Rowan Tree Day (Beltane Eve)
"Rowan tree, red thread, Holds the witches all in dread."
~ Traditional Scottish
Known as the Mountain Ash in much of the United States and as the Dogberry Tree in parts of Canada, the Rowan tree figures prominently in ancient folklore of the British Isles and elsewhere. Rowan is one of the nine sacred woods burnt in the Druids’ Beltane fire, and the cutting of one, or using any portion of the tree for any purpose other than spiritually approved rituals was taboo. The wood of the Rowan tree was seen as the most powerful and protective part, and Rowan twigs bound with red thread were thought to be a powerful charm against witches or evil spirits. The wood was also fashioned into sticks to stir milk from curdling, pocket charms (or amulets) to ward off rheumatism and evil spirits, divining rods (for the finding precious metals), and the smoke from fires kindled of rowan wood was used to protect cattle from malicious fairies. Because the tree is associated with Saint Brìghde/Brìde, the Celtic patroness of the arts, healing, smithing, spinning and weaving, spindles and spinning wheels were made of Rowan.
"Rowan-tree and red thread
Make the witches tyne their sped"
~ old Scottish saying
The ancient festival of Beltane held most often between April 30th and May 1st is about halfway between the spring equinox and the summer solstice. Historically, it was widely observed throughout Ireland, Scotland and the Isle of Man.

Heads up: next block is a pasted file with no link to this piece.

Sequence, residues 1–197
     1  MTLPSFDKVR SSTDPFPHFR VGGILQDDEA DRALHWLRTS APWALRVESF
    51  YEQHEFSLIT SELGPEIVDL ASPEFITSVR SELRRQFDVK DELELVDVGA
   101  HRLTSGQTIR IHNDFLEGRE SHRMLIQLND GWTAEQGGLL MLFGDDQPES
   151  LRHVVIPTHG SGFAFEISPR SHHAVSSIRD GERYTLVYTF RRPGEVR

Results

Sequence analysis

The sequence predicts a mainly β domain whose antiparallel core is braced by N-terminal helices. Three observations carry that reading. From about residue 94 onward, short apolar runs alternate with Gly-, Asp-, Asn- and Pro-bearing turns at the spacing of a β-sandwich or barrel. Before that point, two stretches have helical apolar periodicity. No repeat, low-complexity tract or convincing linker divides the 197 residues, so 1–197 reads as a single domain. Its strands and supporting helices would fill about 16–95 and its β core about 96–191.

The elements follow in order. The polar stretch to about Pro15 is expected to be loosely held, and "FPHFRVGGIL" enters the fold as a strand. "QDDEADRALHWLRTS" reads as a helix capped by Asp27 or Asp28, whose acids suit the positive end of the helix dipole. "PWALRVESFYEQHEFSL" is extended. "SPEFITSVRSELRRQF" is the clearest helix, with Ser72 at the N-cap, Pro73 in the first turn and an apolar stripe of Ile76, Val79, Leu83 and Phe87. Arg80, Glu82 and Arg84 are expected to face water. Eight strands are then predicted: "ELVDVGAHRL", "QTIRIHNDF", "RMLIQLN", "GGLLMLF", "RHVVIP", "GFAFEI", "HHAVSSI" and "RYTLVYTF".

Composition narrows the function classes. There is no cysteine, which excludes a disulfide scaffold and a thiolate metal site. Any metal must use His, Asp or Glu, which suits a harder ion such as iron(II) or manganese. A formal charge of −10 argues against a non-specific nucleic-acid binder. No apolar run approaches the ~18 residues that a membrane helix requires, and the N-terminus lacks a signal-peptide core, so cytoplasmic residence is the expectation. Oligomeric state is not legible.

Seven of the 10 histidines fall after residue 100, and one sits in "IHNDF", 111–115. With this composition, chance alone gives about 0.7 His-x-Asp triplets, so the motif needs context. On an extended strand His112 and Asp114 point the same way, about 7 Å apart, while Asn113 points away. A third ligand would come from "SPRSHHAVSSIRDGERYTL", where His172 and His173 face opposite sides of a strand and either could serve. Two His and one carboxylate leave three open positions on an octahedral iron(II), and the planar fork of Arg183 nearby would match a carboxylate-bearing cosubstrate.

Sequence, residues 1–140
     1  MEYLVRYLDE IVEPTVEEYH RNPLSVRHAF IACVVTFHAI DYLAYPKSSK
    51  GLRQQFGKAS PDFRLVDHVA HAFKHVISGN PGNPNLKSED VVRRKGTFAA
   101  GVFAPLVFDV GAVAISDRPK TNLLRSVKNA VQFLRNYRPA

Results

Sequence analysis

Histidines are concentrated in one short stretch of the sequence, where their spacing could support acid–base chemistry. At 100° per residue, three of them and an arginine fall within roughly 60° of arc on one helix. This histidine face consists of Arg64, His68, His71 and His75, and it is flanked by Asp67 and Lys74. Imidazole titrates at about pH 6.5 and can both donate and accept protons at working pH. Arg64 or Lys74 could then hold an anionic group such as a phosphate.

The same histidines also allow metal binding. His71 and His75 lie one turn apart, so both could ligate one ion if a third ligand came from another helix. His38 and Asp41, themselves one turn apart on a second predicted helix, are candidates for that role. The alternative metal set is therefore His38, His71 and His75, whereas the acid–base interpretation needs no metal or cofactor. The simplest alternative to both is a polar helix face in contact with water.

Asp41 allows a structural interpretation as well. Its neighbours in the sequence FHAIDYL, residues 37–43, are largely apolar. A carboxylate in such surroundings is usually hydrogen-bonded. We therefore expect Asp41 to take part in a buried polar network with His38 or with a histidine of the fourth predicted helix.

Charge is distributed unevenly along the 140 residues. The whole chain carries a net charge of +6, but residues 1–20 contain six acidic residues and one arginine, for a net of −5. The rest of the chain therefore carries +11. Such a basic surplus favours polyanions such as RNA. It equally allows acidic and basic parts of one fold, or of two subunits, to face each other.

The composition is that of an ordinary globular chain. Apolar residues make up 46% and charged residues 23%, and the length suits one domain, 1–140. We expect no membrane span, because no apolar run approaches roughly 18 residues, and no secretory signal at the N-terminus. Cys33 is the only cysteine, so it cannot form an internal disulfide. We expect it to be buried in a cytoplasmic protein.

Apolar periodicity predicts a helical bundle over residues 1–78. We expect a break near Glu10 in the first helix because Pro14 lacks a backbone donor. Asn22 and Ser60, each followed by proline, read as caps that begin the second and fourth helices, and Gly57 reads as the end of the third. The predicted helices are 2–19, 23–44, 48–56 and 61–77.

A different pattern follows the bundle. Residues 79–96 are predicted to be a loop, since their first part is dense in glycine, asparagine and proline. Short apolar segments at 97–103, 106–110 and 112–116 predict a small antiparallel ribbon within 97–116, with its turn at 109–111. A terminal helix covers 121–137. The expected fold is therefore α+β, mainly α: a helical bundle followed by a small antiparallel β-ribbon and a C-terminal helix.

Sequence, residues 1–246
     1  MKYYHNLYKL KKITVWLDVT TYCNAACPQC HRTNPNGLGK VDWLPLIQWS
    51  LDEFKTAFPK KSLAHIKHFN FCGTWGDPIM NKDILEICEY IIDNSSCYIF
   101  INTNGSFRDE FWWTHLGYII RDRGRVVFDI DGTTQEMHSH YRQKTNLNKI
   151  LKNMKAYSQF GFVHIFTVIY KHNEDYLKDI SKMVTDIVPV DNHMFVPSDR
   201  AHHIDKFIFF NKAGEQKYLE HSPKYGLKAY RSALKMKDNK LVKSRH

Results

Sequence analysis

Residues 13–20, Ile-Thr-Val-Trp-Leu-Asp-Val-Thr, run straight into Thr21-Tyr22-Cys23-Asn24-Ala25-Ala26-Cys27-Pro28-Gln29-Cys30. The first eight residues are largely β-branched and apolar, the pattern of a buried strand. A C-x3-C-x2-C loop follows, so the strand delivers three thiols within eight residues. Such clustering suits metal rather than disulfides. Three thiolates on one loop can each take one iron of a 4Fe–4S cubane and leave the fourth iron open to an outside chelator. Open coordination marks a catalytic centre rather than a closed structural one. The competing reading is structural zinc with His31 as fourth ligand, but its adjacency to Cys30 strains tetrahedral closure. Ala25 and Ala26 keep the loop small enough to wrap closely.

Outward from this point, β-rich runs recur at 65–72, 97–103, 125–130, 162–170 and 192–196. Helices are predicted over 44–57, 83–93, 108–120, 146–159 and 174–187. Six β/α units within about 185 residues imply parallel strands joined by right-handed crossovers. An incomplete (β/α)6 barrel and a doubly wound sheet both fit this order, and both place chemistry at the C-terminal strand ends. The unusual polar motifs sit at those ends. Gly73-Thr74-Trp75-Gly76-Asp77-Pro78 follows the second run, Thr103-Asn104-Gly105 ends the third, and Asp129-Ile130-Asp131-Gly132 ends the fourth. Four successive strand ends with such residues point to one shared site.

Beltane marked the beginning of summer when cattle were driven out to the summer pastures.
Spirits or fairies were thought to be especially active at Beltane, similarly at Samhain, and the goal of many Beltane rituals was to appease them.
One of the main protective devices used were sprigs from the Rowan tree. So powerful were the branches of this tree thought to be, that the collection of them, on the eve before Beltane festivities, came to be known as Rowan Tree Day.
Sprigs of Rowan were often tied with string dyed red from the Rowan berries to cows' tails and horses' halters as protection, and sheep were made to jump through Rowan hoops. Crossed branches of Rowan were often placed in cowsheds and stables for the same purpose, and milking stools and pails were sometimes made of Rowan wood.
Witches (often in disguise as hares) were reported to steal milk from cows (and butter) during Beltane.
Necklaces of Rowan berries with red thread, or sprigs of rowan worn in the hair or on clothing, were often worn for protection by Highland women.
A rowan tree which took root in the fork of an existing tree where old leaves had accumulated, such as another rowan, oak or a maple, was called a "flying rowan" and thought of as especially potent against witches and their magic, and as a counter-charm against sorcery.
For more on the Rowan tree and its uses in Scottish folk traditions, click the tree.